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When we look at world events right now, it certainly puts our own problems in perspective. But by now, you may be feeling more than a little anxious about the cost of living crisis which is creeping up on all of us. So, how worried should you be? And are there any glimmers of hope on the horizon? Let’s have a look at what’s been happening, and what’s coming down the track.

The story so far

Let’s not beat about the bush. Nearly everything is getting more expensive, especially our energy bills, and navigating current world energy geo-politics will squeeze budgets even further.

Lockdowns around the world started it, because restarting economies after putting them in a deep freeze takes time. That led to shortages across the board, including, most crucially, oil, gas and lorry drivers, as demand bounced back. When businesses face higher costs, prices tend to go up. The Bank of England spent last year telling us we would just have a spike in inflation – the rate at which prices rise over a 12-month period – before everything calmed down.

Things haven’t exactly worked out that way. Inflation started rising even before Russia invaded Ukraine: now, it’s at 5.5%. But food and energy price inflation is far higher and the poorest households are facing 9% inflation Link opens in a new window, according to the Institute for Fiscal Studies. Food prices alone were up 2.7% in February, the highest rise for nine years, not helped by poor global harvests. And wages just aren’t keeping up. After taking inflation into account, average weekly earnings fell by 0.8% in the final quarter of 2021.

The energy crunch

Energy is our biggest pressure point right now. Already our domestic bills are set to rise by over 50% in April 2022, to nearly £2,000 for those on standard tariffs protected by the government’s price cap.

For anyone coming off a cheaper fixed tariff, the rise could be 100% or more. Pump prices are up 24% in a year and rose by 2.5% in the first week of March as the Ukraine crisis deepened.

Can it get worse? The oil price is predicted to stay at current levels during 2023 at the very least, and perhaps for three or four years, according to the IFS. So that is likely to keep fueling overall inflation too. The average domestic energy bill is now forecast to rise by another 50% to nearly £3,000 later this year Link opens in a new window – which would be catastrophic for the poorest.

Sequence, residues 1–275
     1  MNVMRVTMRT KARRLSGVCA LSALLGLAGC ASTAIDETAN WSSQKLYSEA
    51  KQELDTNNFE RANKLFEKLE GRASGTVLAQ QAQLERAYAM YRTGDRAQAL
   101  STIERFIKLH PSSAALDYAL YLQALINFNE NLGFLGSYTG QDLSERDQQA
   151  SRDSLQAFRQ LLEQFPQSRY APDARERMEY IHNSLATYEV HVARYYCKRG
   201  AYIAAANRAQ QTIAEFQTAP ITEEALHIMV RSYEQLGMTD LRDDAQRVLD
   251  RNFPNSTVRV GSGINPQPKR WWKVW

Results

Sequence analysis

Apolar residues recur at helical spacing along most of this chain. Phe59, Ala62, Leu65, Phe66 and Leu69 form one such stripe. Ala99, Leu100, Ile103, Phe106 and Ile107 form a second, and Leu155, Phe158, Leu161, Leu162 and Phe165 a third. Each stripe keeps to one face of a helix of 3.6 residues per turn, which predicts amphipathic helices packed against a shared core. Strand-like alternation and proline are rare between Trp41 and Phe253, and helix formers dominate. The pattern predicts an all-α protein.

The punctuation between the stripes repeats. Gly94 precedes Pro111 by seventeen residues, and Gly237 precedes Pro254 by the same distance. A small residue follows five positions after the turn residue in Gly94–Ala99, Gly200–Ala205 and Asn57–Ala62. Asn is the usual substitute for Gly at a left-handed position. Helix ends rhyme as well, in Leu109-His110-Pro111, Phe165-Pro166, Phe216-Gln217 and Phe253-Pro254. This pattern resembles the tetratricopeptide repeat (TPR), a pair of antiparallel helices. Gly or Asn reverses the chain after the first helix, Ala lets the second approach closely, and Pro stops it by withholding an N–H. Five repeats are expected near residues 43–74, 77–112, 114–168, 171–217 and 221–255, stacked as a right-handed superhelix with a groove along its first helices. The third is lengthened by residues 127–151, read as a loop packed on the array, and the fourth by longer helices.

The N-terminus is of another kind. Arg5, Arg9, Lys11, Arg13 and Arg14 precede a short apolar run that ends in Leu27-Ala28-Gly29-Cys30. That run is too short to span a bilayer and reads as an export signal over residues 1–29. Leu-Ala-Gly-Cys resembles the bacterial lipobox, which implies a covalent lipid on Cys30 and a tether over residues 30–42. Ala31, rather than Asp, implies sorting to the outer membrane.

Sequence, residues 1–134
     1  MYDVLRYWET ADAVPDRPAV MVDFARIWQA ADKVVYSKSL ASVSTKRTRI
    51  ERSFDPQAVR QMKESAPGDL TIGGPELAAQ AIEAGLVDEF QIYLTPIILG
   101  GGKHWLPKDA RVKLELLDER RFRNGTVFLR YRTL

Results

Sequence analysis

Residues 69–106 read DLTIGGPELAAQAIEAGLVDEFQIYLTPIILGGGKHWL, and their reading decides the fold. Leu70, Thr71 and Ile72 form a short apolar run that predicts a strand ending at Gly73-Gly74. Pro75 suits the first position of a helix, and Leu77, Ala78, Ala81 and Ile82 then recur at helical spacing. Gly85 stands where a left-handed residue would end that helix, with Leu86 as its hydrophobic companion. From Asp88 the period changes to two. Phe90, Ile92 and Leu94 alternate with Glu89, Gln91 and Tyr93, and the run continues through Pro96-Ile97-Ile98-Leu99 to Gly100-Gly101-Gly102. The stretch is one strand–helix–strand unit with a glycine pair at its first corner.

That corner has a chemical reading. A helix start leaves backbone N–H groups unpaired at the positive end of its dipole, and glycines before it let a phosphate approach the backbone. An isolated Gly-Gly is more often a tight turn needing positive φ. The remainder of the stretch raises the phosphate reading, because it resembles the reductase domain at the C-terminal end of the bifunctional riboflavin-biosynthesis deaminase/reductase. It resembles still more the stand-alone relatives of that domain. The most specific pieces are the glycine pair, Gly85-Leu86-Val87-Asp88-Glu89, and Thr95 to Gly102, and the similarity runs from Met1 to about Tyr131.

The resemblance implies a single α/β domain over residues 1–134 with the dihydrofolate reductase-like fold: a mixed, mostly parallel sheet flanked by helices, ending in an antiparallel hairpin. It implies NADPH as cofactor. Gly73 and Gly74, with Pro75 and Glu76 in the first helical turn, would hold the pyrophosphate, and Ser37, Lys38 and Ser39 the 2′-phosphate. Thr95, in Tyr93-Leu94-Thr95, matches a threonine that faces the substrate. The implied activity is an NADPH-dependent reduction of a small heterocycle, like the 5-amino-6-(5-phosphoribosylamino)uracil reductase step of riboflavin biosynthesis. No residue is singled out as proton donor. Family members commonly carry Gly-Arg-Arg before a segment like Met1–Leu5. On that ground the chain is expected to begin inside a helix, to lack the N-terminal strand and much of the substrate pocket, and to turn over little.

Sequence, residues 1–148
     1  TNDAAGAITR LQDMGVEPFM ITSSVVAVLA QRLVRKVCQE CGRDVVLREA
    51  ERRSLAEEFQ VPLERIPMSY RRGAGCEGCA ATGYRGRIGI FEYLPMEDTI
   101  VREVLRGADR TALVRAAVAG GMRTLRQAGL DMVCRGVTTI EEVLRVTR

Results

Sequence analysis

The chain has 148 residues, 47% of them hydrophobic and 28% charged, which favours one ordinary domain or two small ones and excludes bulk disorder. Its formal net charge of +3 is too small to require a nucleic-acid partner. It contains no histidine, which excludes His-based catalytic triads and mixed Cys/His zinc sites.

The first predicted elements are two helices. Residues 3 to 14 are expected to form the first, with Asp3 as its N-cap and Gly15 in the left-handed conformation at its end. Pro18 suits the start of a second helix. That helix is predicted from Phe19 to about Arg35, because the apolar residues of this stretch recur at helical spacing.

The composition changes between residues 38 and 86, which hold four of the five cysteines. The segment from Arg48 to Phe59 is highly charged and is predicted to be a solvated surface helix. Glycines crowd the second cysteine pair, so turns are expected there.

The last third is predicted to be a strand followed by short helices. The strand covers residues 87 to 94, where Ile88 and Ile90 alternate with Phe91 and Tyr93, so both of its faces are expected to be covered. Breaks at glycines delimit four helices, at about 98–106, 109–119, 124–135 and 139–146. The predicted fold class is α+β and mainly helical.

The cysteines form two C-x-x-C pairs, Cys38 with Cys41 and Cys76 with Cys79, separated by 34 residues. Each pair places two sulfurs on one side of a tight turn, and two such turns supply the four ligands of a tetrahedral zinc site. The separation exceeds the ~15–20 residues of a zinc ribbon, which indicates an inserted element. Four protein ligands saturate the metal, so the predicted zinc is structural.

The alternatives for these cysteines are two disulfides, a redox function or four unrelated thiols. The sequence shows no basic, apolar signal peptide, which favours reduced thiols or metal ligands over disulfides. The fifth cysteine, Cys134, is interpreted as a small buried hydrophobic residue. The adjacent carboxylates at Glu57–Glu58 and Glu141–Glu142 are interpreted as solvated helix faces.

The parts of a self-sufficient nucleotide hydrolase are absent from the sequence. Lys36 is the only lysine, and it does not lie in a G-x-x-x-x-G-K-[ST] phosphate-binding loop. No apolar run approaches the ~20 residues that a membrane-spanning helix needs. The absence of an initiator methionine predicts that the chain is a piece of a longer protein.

Action stations

What can the Government do? Even though he is pretty broke after fighting Covid, the Chancellor Rishi Sunak is doling out £9bn worth of support to households due to the increase of the energy price cap.

Anyone in council tax bands A to D who pays their bills by direct debit will get a £150 discount this year. And everyone who pays a gas and electricity bill will be loaned £200 by their energy company, to be repaid over five years.

Not everyone is happy about this. Many do not like being given a loan they did not ask for. But for those who do, the extra £40 a year over five years will have to be found at a time when, quite possibly, energy prices are not coming down. 

The IFS says the Ukraine crisis will add £43bn to our energy bills Link opens in a new window – almost five times the Chancellor’s £9bn handout. So, I’d expect at some point a national energy-saving campaign, urging households to turn down their thermostat and don a jumper.

The energy crisis is also feeding into inflation, which could soon jump to 11%. This would leave a worker on average earnings £800 worse off this year in real terms, according to the IFS. It reckons the Chancellor may have to “spend and borrow billions more” than he had intended this year. Estimates elsewhere are even more gloomy. The typical household will be £1,000 worse off Link opens in a new window this year, says the Resolution Foundation, a 4% fall previously seen “around recessions”.

The Chancellor announced in the Spring Statement that National Insurance Contributions will be cut from 6 July meaning that a typical employee will save over £330 a year due to the National Insurance contribution threshold rising to £12,570 – matching the income tax personal allowance. However, on April 1 the 1.25 percentage point rise in National Insurance was still implemented.

According to HM Treasury 70% of people paying NIC will pay less from 6 July, even after the 1.25% point rise. And 2.2 million people will no longer have to pay NIC. Also, the Chancellor announced a 12-month temporary fuel duty cut of 5p per litre from 6pm on Wednesday 23 March.

Looking for good news

The weather is getting warmer, so cutting back on heating will feel a lot easier. For anyone really struggling, energy companies can provide grants, but you may need to get help from a debt adviser before you qualify. Your local authority might also be able to provide fuel vouchers and a discount on your council tax.

Otherwise, it’s time to supercharge your savviness. Check whether you’re entitled to benefits or grants through Citizens Advice Link opens in a new window or Turn2Us Link opens in a new window. Ditch the ready meals and takeaways in favour of home-cooked meals with cheap, versatile ingredients. Lean on your freezer and cookpot to cut out food waste. Get up to speed with your banking app Link opens in a new window as it can help you keep an eye on what you are spending. Be brutal and cancel any under-used subscriptions for fitness, entertainment, food, deliveries, or anything else.

And homeowners, cheer up! It might prove harder than expected for the Bank of England to raise interest rates as they hoped to do this year. That could mean mortgages will not, after all, be going up sharply any time soon. And other debt may not get more expensive. At least we can count on one silver lining, eh?


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